Director: Aude Léa Rapin
Stars: Adèle Haenel, Jonathan Couziníe, Antonia Buresi
There are multiple ghosts haunting Aude Léa Rapin’s narrative feature debut which, on the heels of a mixed reception at Cannes in 2019, has belatedly surfaced on MUBI in the UK. A quixotic mockumentary of sorts, Heroes Don’t Die begins with Joachim (Jonathan Couziníe) excitedly telling us of a strange encounter he’s just had on the streets of Paris; that a stranger mistook him for a Serbian soldier named Zoran who died on August 21st, 1983 – the exact date of Joachim’s birth.
Zoran is our first ghost, haunting the film which then grows out of this idea of Joachim as his returned soul. He, along with his friend Alice (Adèle Haenel) and a small crew, travel to Bosnia to find Zoran’s grave, believing that if they do they’ll have about proven the existence of reincarnation. The second ghost, it transpires, is Joachim himself. Through heated conversation with Alice, we learn that he has a heart condition and could die at any time once past the age of 35; a birthday that in the timeline of the film is rapidly approaching. We’re prompted to question whether Joachim’s happenstance encounter in Paris is true, or whether this trip is a fool’s errand spooled out of his own mortal anxieties. Whatever the case, Joachim becomes increasingly convinced it is true, to the point of appearing possessed.
More ghosts are abound as this small group zero-in on their destination. Fraught from language barriers, they converse with the locals in broken English and, in the process, stir up memories of the Bosnian/Serbian conflicts of the early ’80s, the accompanying genocide, and the multitudinous souls lost in the crossfire. One such local takes them out to the bobsleigh run built for the Olympics. The mood sobers up quick when he points out that the encroaching treeline is a minefield. Suddenly the past exists in the present. The war is there and here.
It’s a moment that captures succinctly part of the struggle people appear to have with Heroes Don’t Die, which frames itself as a jolly caper or comedy of errors only to lurch suddenly into moments of heavy contemplation. The tonal gear shifts come hard and fast. One minute we’re jovially invading Joachim’s privacy in the shower, the next we’re pacing through a graveyard. It’s easy to see how, for some, Rapin’s film can appear to crassly trivialise a dark time in the region’s history. But I don’t think that’s the intention here. Instead, it feels as though Rapin is challenging – rightly or wrongly – our preconceptions of what a film like this ought to feel like. Hers is a road movie away from preconceived expectations. Her results aren’t always particularly graceful, but its an attention-grabbing ramble into the unknown.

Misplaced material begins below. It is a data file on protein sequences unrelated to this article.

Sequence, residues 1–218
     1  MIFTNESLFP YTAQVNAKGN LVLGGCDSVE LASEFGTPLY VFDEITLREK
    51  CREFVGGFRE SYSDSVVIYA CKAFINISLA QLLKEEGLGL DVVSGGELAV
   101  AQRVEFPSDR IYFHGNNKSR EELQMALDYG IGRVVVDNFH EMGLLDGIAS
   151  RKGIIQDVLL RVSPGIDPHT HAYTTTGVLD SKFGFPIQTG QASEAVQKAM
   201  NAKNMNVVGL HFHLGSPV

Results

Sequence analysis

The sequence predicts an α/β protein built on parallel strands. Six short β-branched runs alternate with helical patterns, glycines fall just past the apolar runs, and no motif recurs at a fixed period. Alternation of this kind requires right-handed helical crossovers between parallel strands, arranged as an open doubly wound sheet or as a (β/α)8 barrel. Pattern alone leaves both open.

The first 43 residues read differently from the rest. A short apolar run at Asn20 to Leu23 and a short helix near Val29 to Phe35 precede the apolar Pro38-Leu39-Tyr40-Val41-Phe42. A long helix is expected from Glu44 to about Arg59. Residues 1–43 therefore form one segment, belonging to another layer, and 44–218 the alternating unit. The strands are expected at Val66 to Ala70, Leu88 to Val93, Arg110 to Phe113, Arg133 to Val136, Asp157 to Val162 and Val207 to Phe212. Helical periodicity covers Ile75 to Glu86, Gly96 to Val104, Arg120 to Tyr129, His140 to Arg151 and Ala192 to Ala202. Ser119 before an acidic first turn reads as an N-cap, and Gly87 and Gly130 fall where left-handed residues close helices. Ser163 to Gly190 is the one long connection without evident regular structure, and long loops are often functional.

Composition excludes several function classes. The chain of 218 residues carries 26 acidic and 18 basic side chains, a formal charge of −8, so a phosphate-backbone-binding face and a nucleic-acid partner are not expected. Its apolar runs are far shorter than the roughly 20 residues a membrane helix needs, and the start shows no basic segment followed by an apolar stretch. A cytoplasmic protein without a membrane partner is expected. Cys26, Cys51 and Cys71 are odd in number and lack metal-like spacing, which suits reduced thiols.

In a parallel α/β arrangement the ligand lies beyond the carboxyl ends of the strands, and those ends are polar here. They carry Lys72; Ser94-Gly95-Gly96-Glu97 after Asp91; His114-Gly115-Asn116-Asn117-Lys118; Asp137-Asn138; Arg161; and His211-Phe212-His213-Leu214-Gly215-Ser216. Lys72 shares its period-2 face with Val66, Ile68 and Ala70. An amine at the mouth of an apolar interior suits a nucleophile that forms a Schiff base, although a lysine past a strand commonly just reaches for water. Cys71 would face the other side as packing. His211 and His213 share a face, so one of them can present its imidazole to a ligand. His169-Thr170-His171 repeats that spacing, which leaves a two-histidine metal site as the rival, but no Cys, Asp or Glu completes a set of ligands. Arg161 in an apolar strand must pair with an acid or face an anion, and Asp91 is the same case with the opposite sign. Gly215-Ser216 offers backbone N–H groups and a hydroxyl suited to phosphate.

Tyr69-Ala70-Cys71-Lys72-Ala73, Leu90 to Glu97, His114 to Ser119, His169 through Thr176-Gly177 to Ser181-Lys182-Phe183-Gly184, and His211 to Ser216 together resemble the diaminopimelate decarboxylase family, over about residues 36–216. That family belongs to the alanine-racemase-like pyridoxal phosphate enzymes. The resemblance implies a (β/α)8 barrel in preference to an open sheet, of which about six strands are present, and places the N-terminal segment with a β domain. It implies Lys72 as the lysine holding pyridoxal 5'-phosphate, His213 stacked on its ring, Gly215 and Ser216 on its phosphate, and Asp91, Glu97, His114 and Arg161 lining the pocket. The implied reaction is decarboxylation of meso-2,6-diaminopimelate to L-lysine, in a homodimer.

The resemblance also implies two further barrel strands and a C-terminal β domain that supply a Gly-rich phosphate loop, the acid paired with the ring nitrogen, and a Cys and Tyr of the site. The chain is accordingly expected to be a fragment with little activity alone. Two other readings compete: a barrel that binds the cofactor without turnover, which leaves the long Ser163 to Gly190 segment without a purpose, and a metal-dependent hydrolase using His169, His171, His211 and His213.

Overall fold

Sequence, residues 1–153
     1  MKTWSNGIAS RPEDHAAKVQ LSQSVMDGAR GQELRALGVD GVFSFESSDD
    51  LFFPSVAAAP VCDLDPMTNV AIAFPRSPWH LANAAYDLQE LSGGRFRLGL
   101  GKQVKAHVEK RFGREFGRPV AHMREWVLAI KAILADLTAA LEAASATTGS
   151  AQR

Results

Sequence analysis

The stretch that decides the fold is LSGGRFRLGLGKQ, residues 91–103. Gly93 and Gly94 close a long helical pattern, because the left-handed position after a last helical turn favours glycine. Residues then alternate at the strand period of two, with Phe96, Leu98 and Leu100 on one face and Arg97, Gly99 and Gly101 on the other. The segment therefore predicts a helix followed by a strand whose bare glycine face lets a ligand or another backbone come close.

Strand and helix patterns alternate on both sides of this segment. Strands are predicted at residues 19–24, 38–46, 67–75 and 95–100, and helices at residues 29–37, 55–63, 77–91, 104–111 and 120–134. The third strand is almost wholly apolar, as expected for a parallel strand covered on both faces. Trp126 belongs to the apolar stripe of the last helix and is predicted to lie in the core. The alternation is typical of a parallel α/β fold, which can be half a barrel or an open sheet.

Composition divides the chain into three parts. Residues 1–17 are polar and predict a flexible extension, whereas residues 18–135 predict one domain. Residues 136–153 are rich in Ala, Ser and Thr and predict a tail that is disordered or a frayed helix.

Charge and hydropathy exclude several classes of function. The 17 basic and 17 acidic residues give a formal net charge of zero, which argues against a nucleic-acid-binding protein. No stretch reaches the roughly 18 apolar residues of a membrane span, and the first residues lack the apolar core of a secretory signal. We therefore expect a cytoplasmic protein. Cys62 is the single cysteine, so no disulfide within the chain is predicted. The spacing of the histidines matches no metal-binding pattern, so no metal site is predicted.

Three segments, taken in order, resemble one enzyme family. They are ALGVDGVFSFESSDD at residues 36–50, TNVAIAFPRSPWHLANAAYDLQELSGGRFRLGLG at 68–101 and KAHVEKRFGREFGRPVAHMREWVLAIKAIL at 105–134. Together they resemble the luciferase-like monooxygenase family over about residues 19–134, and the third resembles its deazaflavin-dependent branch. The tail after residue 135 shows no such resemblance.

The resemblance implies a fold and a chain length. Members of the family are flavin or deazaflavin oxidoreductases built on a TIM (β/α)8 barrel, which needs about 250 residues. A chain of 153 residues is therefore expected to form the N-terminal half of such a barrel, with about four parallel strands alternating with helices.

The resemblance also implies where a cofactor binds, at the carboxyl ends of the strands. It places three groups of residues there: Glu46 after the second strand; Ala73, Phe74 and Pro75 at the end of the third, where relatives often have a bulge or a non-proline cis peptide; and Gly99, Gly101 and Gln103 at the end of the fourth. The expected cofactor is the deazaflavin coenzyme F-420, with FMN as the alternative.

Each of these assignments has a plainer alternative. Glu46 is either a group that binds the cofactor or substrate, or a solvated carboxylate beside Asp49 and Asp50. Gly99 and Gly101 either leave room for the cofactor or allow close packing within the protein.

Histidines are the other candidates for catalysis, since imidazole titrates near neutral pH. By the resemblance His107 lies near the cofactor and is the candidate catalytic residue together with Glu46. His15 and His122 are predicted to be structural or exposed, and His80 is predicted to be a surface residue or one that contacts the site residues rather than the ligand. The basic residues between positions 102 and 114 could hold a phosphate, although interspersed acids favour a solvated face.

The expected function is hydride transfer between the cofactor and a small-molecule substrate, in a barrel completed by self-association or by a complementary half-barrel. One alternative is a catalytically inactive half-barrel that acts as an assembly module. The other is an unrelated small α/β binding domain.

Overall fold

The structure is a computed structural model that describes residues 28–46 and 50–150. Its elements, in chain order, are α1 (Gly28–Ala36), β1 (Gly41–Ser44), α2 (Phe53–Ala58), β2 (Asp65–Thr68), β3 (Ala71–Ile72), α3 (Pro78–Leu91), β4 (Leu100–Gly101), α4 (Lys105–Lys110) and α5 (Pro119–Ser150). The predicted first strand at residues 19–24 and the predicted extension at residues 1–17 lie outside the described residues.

Her cast ably make this more palatable. Couziníe (who has the look of a young Tom Hanks possessed by Peter Sarsgaard) makes Joachim a gangling, energetic, sometimes even misguidedly naive presence. Haenel, meanwhile, seems actually incapable of putting in a bad performance. She has a considerable hand in helping Heroes Don’t Die to course-correct following any given chaotic swerve. For those new to her work thanks to Portrait of a Lady on Fire, Heroes Don’t Die presents a more relaxed showcase for her natural comedic flex.
Toward the end, a final ghost is revealed, one that’s been in plain sight all along; the truth itself. In a surprisingly tender and tactile scene, Rapin invokes folie a deux; a madness shared by two. In the process, she provides us a cobblestone hotbox in which a belief becomes truth when two people share it. The smallest of micro-climates. Here, past and present feel the most intermingled, while Rapin also manages to wryly invert the assumed roles of a May/December romance. I appreciate that I’m talking around events cryptically here, but for those who want to seek this one out, this strange denouement makes for a fitting and surprisingly heartfelt non-ending to a film that, in the main, only coquettishly flirts with sincerity. I will be interested to see Rapin’s next move.